Abstract: Over the past half a century, anthropogenic climate change has triggered temperatures in the northeastern United States to rise. This increase has led to decreased winter precipitation and a longer annual growing season. Species found in upland/montane habitats on the southern edge of their range limits are particularly threatened by these changes. Warmer temperatures have allowed larger woody plants to advance up mountain slopes, entering the habitat of these fragile species. In the next decade, we will witness a complete disappearance of alpine flora from several locations across the northeast including Whiteface in New York, Sugarloaf in Maine and Mount Mansfield in Vermont. Managers of ski resorts can therefore play an important role in promoting the continued persistence of high-altitude flora and fauna through carefully considered management decisions can also serve to promote the reputation of the ski industry as stewards of mountaintop ecosystems. Doing so will allow for continued study of the species that exist within these communities, the protection of biodiversity, and increased revenue for the resort itself through elevated public image and mountain-top tourism. To help begin these conservation efforts, we have created a best management practice (BMP) manual to guide ski area managers in making these developments. It includes techniques for sustainable slope, soil, vegetation and wildlife management, erosion control, artificial snow production, and ski slope construction and design. Also included are marketing techniques and an overview of the economic viability of the practices outlined in this manual.
Access: Yes
Literary Rights: On
Major: Forestry, Natural Resources Management and Policy
Year: 2014
Authors: Pali Gelsomini, Dylan Randall

Possible Limiting Soil Macro-Nutrients of Sugar Maple (Acer saccharum) Growth in an Adirondack Hardwood Stand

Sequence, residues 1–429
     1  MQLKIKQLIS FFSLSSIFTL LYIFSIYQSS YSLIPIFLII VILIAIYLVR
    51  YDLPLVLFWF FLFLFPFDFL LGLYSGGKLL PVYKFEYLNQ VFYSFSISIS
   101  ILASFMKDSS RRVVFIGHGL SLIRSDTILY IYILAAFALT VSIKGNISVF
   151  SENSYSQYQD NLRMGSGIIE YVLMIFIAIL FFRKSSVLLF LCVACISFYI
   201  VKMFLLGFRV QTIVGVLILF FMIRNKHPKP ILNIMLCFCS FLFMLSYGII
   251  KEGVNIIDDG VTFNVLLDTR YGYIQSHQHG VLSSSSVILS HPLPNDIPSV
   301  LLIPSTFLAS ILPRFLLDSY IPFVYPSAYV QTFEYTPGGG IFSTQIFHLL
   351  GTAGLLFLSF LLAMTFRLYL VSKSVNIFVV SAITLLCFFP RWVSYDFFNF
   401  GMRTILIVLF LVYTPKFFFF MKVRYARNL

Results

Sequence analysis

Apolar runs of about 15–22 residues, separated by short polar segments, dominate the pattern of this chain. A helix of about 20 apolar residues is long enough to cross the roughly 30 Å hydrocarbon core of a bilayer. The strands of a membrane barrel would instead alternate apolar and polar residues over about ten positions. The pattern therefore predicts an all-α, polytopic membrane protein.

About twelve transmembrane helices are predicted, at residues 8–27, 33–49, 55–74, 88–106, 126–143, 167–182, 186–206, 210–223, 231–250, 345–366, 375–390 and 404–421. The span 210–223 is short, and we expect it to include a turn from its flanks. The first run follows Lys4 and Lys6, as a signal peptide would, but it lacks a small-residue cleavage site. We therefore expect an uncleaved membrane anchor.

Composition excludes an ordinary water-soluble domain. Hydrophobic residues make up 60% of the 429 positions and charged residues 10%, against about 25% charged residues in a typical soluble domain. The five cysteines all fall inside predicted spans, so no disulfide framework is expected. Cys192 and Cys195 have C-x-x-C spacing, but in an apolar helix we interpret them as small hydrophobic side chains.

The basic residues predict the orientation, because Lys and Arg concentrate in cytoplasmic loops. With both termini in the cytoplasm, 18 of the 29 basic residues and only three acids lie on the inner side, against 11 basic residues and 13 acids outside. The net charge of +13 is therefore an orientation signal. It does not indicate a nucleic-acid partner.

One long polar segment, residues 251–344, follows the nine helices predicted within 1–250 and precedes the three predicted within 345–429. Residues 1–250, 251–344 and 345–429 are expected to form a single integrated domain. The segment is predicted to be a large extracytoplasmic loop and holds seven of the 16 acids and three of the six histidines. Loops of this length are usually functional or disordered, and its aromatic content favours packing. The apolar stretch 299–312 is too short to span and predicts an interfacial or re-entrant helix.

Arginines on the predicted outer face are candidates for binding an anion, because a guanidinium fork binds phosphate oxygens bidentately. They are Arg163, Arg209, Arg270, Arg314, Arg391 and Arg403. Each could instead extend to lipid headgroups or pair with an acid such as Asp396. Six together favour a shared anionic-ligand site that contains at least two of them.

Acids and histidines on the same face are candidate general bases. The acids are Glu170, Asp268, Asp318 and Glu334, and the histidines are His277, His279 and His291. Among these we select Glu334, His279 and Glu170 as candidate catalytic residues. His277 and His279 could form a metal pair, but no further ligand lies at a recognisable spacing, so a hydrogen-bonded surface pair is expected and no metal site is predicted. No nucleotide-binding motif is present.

Mon, 04/28/2014 - 08:46
Abstract: Sugar maple (Acer Saccharum) has been in decline for the past few decades. Several studies have been done throughout parts of Canada and New England to determine what is limiting sugar maple growth. By mimicking one of these studies, I conducted a fertility study to show correlations between soil fertility and three different measures of tree growth. I selected 40 dominant sugar maple trees in a hardwood stand in the Adirondack Park in northern New York to sample. I collected two increment cores from each tree, measured the DBH and calculated basal area at each tree. I also collected mineral soil from the base of each tree that was sampled and tested its chemical properties and macronutrients that are most related to growth. I found weaker correlations between soil fertility and growth than my parent study had found. This may be because I didn’t have enough variation in my samples, measured growth or fertility in a way that wasn’t the most accurate, soil characteristics may not be limiting, or some soil characteristics may be co-limiting growth.
Access: Yes
Literary Rights: On
Major: Natural Resources Management and Policy
Year: 2014
File Attachments: Capstone Report
Authors: Kevin Kenealy